US Supermarket to Sell Old Food!

Regular readers to this Blog, will know that in our household, using up left-over food is a common day occurrence. As a consequence, we rarely throw food away and any products beyond their sell-by-date are either used to make up our left-over meals or frozen to be eaten later. Sadly, this is not the case in the rest of the UK or in the USA. British homeowners throw away 4.2 million tons of food and drink every year, worth £12.5. That amounts to a mind-boggling £700 per year or £60 per week. Furthermore, 40% of food produced in the US ends up in the trash - a staggering waste of $170 billion worth of fruit, vegetables and meat annually. All of which could be eaten if UK and US families planned their consumption better.

However, one US supermarket chief I see is fighting back with a blueprint for a radical change to the way we shop and eat. A new grocery store chain, The Daily Table, is poised to open in the US selling food that has passed its sell-by date. The aim of Doug Rauch (below), former head of supermarket chain Trader Joe's, is set to bring healthy food to inner cities, where fast food outlets are often the only option. I have found that it is often cheaper to eat out at fast food restaurants in the US than to shop for fresh meat, fruit and vegetables at the supermarket. So selling healthy, but out of date food at lower than junk food prices can only educate shoppers that 'expired' food can still be good, healthy and tasty - and at bargain prices.

The Daily Table will be the first supermarket chain attempting to sell this 'unloved' food to the American public. Rauch is quoted in the UK press as saying, ''People worry about E.coli and salmonella but virtually all of the known food-related deaths in the US have been caused by food that was 'in code', not past its sell-by-date.'' New York's Natural Resources Defence Council found that most sell-by dates are poorly understood and the waste of food by consumers poses a burden to the food system and represents a missed opportunity to feed millions of food-insecure households.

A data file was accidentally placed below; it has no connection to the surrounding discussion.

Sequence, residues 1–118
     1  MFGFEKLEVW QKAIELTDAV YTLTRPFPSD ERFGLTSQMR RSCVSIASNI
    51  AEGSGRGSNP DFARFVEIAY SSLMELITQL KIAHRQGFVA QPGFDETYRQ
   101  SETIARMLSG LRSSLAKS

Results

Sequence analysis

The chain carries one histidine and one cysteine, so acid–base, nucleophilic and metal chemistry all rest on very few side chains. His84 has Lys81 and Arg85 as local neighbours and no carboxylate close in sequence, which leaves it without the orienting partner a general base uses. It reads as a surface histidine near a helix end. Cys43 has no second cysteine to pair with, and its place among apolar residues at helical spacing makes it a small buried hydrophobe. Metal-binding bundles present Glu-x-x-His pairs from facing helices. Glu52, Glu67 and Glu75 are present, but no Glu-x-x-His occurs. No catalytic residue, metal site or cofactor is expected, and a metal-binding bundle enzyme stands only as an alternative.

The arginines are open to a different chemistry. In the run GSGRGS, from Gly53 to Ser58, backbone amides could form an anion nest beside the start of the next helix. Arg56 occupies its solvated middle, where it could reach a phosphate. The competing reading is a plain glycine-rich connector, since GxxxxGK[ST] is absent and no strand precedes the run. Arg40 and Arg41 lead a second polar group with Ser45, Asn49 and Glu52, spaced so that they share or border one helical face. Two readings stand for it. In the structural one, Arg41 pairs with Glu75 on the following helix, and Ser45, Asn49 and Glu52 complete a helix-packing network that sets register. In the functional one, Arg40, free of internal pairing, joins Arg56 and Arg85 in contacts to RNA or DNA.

The first Daily Table store will open in May this year in Dorchester, Massachusetts and will be followed by other outlets in impoverished urban areas where the need for healthy and cheap food is greatest. They will try to use the 40% of food that is wasted. Average families on social security in the US have only $3 to spend on dinner and when they can buy 3,700 calories of fast food or 300 calories of fruit and vegetables, they are driven to buying unhealthy options. The Daily Table will be the first chain trying to sell expired food to the public as an alternative to fast-food diets that can lead to obesity and a plethora of diseases.

This is an idea whose time has come and although my family goes out of its way to consume all the food we purchase, I can see 'Daily Table' being replicated by a 'WasteLess Table' here in the UK, sooner rather than later!


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